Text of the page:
August 29, 2022

1952. "McCarthy Cries Again"

Collier's Magazine on Senator McCarthy's Attacks on the Press
Cartoon by Sam Berman in Collier's, August 2, 1952
Editorial from Collier's, August 2, 1952:

McCarthy Cries Again

A couple of years ago Senator Joe McCarthy buckled on his armor and, like a twentieth-century Don Quixote, set out to slay the dragon of American Communism single-handed. His intentions seemed noble as those of the good night. But also like the good knight, who attacked a procession of monks and a flock of sheep under the impression that they were brigands and ogres, he got a little confused about the targets of his sallies.

Thus it has come to pass, as his crusade continues, that anyone who takes issue with him assumes the look of the Red dragon itself. Disagreement becomes lies and crookedness. An adverse editorial comment is automatically a "left-wing smear." And the senator charges treason against a countryman as recklessly as Don Quixote charged the windmill.

Mr. McCarthy has had a busy time of it, because there are a great many people who approve the purpose of his crusade, but object strongly to his methods. There are many publications which feel the same way. One of them is Collier's. Another is Time. And we at Collier's feel just a little discriminated against because, so far, the senator has ignored us while singling out Time and accusing it of "twisting and distorting the facts about my (McCarthy's) fight to expose and remove Communists from government."

This charge apparently grew out of a Time cover story on Senator McCarthy. The senator had earlier attacked it as a "vicious and malicious lie." But recently he employed a new tactic which was definitely not cricket.

Backed by the prestige of his office, he sent a letter to "practically all Time advertisers," according to his own statement, which, while it did not come right out and ask them to take their business elsewhere, suggested that they were doing their country a disservice by their continued support of the magazine.

Since some of these advertisers were "not aware of the facts," the letter stated, they were "unknowingly helping to pollute and poison the waterholes of information." Still swimming along in his aquatic metaphor, the senator said that "it is much more important to expose a liar, a crook or a traitor who is able to poison the streams of information flowing into a vast number of American homes than to expose an equally vicious crook, liar or traitor who has no magazine or newspaper outlet for his poison."

The source of the senator's "facts" were an article from the American Mercury and a reprint from the Congressional Record. On the basis of these, the gentleman who complains about distortions and smears virtually accused Time's editors of dishonesty and treason in so many words.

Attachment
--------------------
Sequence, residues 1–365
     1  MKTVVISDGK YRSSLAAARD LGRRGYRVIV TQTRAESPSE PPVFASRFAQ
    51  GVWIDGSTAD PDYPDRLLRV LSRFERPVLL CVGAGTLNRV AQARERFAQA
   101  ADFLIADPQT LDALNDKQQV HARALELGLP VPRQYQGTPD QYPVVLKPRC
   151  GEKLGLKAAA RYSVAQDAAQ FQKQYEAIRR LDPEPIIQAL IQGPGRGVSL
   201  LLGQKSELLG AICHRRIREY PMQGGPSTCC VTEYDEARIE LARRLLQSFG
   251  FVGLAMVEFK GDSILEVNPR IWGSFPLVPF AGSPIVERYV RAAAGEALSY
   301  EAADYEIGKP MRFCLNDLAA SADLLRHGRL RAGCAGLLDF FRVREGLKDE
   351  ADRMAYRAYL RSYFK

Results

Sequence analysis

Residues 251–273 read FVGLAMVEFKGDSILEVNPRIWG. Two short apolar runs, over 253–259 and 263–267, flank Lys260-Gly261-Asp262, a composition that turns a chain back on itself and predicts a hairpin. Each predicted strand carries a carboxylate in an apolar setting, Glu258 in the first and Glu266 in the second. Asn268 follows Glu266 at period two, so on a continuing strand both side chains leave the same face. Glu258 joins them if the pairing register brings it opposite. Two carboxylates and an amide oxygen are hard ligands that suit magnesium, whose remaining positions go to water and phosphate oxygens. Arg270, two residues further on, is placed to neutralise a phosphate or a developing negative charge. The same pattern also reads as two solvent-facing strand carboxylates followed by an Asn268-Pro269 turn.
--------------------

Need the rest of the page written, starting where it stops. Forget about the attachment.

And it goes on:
Naturally Mr. McCarthy anticipated some criticism. "I realize," he said, "that bringing these facts to the attention of Time's advertisers will cause some of the unthinking to shout that this is endangering 'freedom of the press." But, he added, "To allow a liar to hide behind the cry 'You are endangering freedom of the press' is not only ridiculous, it is dangerous."

To this we can only answer that when a man hides behind the cry "You are a liar" before anyone has accused him of endangering freedom of the press, he must be feeling rather insecure. And when he tries to intimidate a critical publication by seeking to alienate its chief sources of revenue, he is something less than courageous.

Senator McCarthy has set himself up as the final authority on loyalty and Americanism. He insists that his accusations are not to be doubted, and his judgment is not to be questioned. Yet, a few weeks after he wrote his letter to Time’s advertisers, he testified in Syracuse, New York, that the Washington Post and the New York (Communist) Daily Worker "parallel each other quite closely in editorials." And when he was asked whether he would consider the Christian Science Monitor a "left-wing smear paper," he replied, "I can't answer yes or no."

Those are the statements of a man who is either woefully unperceptive or wholly irresponsible. And when such a man asks that his wild-swinging attacks be accepted without question, he is, to borrow his own words, not only ridiculous but dangerous.

We are not concerned that, on the basis of this editorial, the senator may now add us to his company of "left-wing smearers," or that he may also warn our advertisers of the danger of supporting another publication which pollutes the waterholes of information. What does concern us is the real danger of Communist infiltration in government, and the fact that this danger is too serious to be obscured and clouded by Senator McCarthy's eccentricities, exaggerations and absurdities.